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Seahawks generally adhere to draft prototypes, but benchmarks vary

Pete Carroll has mentioned on multiple occasions that Ahtyba Rubin is the best three-technique defensive tackle he's coached in the last six seasons with the Seattle Seahawks.

Last week at the owners' meetings, he was asked to describe what he's looking for out of that position.

"We’ve always looked at that spot as a first-, second-down guy," Carroll said. "And we want a guy that can really hold the line of scrimmage. In our division, people run the ball as much as they do, it’s really important to have a force at the line of scrimmage. What Ahtyba brought that was unique was that he has tremendous pursuit, and he really shows that he’ll chase the football. So he’s great at the point of attack, and then he also gives great effort."

It's standard practice in the NFL for teams to have specific job descriptions for each position. It seems obvious, but it's an important step in roster-building: identifying which traits and measurables matter to your specific scheme and organization and which ones don't.

At cornerback, the Seahawks clearly prefer players with length who can press at the line of scrimmage and use the step-kick technique that the team employs. According to Zach Whitman, the team has not drafted a cornerback with arms shorter than 32 inches since Carroll arrived.

Adhering to prototypes reduces the risk of drafting players who are not scheme fits. The measurables can involve a number of different categories based on position: height, weight, length, athleticism, etc.

But what about the exceptions? What happens when the team falls in love with a player who doesn't fit the prototype?

"I think it was Tom Landry who said once you make an exception, all of a sudden you turn around and you have a team full of exceptions," said general manager John Schneider. "So it really depends on the player, and you have to be very careful with the player you have selected and try to stay with your core philosophies."

When looking at the Seahawks' emphasis on measurables, a couple things stand out.

No. 1, what they focus on may be different than what other teams look at. Take wide receiver, for example. Tyler Lockett (5-foot-10, 182 pounds) ranked in the eighth percentile at his position for height, ninth in weight and fourth in arm length. Doug Baldwin, who had 78 catches for 1,069 yards and 14 touchdowns last season, measured in at 5-foot-10 at his Pro Day. While other teams might prefer bigger receivers with size and length, that's clearly not a priority for the Seahawks.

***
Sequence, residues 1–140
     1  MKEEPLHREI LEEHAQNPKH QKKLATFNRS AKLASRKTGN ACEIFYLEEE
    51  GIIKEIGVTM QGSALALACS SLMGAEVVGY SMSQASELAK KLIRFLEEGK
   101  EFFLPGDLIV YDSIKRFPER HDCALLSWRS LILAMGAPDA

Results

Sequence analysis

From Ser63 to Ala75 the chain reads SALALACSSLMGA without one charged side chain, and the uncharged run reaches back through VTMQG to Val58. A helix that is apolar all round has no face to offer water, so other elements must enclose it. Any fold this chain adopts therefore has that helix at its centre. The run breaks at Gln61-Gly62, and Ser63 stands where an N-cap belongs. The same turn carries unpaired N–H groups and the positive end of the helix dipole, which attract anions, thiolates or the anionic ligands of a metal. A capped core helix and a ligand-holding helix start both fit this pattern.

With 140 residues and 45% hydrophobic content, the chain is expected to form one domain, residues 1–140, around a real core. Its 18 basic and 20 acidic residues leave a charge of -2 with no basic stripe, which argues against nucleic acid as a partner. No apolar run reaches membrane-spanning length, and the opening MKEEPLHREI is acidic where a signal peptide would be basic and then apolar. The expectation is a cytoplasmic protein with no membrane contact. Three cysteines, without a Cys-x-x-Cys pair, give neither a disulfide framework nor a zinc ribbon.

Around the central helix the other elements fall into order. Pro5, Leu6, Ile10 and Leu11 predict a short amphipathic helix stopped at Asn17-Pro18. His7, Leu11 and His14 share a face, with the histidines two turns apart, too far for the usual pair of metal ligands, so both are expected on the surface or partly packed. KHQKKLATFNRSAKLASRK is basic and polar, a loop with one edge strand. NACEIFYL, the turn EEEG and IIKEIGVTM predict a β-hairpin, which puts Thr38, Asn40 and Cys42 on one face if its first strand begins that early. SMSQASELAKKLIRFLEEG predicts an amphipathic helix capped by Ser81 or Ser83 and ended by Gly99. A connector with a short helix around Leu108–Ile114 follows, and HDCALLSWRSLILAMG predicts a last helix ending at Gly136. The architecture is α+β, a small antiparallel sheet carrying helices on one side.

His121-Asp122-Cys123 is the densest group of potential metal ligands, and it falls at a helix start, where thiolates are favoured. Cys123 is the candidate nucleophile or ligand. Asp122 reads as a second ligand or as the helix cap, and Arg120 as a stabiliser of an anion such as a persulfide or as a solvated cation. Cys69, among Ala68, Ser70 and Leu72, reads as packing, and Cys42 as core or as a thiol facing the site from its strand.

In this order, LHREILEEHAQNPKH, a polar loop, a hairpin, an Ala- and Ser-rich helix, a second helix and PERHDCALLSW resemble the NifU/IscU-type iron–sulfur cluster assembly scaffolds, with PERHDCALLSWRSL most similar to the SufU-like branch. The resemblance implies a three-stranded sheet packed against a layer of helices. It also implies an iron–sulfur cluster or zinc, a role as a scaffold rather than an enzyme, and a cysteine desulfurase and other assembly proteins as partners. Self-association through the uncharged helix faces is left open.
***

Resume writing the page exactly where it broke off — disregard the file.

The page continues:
"We’re drafting for us and what we want," Carroll said. "We don’t evaluate for the league. We don’t evaluate for the guys on ESPN and what they think. We evaluate guys on how they fit our club and our style of coaching and play. And so we have to be connected in our mentality and our approach and our vision on how we see guys."

Carroll recalled his first draft with the New York Jets back in 1994. The team selected 5-foot-9 cornerback Aaron Glenn.

"He was an extraordinary football player," Carroll said. "He was the fastest guy in the draft at the time that I remember. He was a great athlete, a great returner, and he had a great career, and he was a small guy, It just depends on who it was. And I was part of the process with the Jets ... so it’s not always just that simple that a guy is 5-9. It's who is the guy and what is his makeup and what’s his speed and what kind of characteristics does the guy bring? Aaron was a great player and a great draft pick. ... Sometimes it works out."

The Glenn example is a good one because it illustrates the process of determining when to take a risk on an exception. The idea is to acknowledge the potential shortcoming, but figure out whether the prospect has other traits or qualities that can make up for it.

With Russell Wilson, some teams were turned off by his height. But then there was his elusiveness, his accuracy and his mental makeup. Safety Earl Thomas' size might have worked against him, but he had elite range, played with great physicality and possessed outstanding instincts and competitiveness.

Schneider, Carroll and the Seahawks believe in using measurables and try to avoid exceptions. But they are willing to bend when they identify a prospect who possesses traits that can make up for what might be a perceived shortcoming.

"John’s a football guy’s guy," Carroll said. "We’re not looking at height, weight, speed and what other people think. We’re looking at guys at how we can best utilize them and how we can match their talents to our system and all that. And so I think it’s integrally important that the football coach is connected to the process. I’m just part of that process. John is the one that really makes the magic happen in acquiring talent."